There is a little ‘anecdote’ I first came across in the 1980’s which is very interesting. I’ve found a version online:
A young man and his father are involved in a terrible car accident. Tragically, the father dies soon after.
When the young man arrives at the emergency ward, the surgeon says: “I cannot operate on this young man … he is my son!”
How can this be so?
Note: the man who died really was the young man’s father!
I am not sure now, in 2015, how powerful this is. But it really was in the 1980s and revealed to everyone to whom this was, carefully and innocently, asked how much internalised sexism they held, myself included.
Now … a couple of years back at dinner my smooch and I ran this past her intelligent and precocious 12 year old, raised I should add, with a goodly amount of feminism herself. I wish I had recorded her answers. She pondered and paused and worked it out. She contemplated solutions involving adoption, gay marriage and transgendered folk. But she did not, as all of us in the 1980s did not, come to the clear and obvious solution – the surgeon is a woman.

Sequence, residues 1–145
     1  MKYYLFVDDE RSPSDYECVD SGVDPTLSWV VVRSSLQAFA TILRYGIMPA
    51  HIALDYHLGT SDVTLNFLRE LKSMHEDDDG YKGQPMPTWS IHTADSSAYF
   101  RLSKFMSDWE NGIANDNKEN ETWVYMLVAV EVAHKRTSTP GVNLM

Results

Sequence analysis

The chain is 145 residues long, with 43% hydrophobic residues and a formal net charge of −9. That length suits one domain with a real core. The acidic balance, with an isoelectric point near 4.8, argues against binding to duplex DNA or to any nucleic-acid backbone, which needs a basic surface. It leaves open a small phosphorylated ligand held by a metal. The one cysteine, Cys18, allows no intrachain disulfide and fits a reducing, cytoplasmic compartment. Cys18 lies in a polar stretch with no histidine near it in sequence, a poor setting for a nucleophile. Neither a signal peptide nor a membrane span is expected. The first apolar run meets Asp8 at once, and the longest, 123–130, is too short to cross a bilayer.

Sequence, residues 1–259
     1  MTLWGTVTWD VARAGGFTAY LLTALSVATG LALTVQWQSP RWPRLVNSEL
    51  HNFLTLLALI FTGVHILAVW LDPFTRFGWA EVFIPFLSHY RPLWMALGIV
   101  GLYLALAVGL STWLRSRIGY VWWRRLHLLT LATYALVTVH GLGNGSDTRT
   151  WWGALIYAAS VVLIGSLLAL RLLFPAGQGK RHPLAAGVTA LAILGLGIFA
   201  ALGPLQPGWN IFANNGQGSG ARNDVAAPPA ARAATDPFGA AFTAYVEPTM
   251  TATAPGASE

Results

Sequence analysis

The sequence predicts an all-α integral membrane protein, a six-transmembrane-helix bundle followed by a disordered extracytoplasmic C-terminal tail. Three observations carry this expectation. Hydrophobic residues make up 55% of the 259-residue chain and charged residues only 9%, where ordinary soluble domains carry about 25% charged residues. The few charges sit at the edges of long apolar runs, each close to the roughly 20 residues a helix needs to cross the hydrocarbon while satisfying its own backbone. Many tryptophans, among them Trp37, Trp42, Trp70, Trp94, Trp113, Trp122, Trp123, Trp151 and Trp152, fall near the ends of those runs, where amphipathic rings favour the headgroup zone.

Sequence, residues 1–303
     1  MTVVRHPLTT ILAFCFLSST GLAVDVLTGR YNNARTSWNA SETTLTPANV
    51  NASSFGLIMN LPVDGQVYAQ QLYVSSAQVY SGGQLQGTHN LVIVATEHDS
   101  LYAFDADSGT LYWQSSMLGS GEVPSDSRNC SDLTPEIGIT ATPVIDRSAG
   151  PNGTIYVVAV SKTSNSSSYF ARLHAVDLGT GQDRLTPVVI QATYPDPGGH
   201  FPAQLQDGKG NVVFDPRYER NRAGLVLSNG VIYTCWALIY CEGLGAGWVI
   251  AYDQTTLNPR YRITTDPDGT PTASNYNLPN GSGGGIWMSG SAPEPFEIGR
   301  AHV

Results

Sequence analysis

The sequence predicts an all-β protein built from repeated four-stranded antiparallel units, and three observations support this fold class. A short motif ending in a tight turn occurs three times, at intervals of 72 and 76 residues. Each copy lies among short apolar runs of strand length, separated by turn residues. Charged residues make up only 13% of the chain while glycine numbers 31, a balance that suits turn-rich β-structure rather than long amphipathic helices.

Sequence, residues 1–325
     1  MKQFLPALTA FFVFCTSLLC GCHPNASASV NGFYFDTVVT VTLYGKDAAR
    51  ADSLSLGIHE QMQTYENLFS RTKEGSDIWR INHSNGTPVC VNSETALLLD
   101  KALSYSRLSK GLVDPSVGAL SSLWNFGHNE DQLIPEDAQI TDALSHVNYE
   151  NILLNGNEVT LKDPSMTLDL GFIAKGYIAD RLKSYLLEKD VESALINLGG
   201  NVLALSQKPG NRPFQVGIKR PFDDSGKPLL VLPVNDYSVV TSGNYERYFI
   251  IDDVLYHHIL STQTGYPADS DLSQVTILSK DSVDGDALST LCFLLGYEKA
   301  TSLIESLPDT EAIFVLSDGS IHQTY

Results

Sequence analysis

This moment was an epiphany for me, and though only anecdotal, spoke volumes of how, even though the causes of gay and transgender awareness and rights have progressed, the invisible and structural discrimination against women remains. And there are of course oodles of statistics to prove this.
I always try to look to the future, which is why I am interested in the ideas of our youth and which is why this occasion floored me more than a little. And recently, I have seen a group of (mostly cisgender and heterosexual) youth come to this conclusion about the most important ‘asset’ girls and boys have in being attractive: girls – their body, and boys – fashion. This deserves a mega frowny face for sure.
And so, yes, for these and many, many other reasons we need feminism.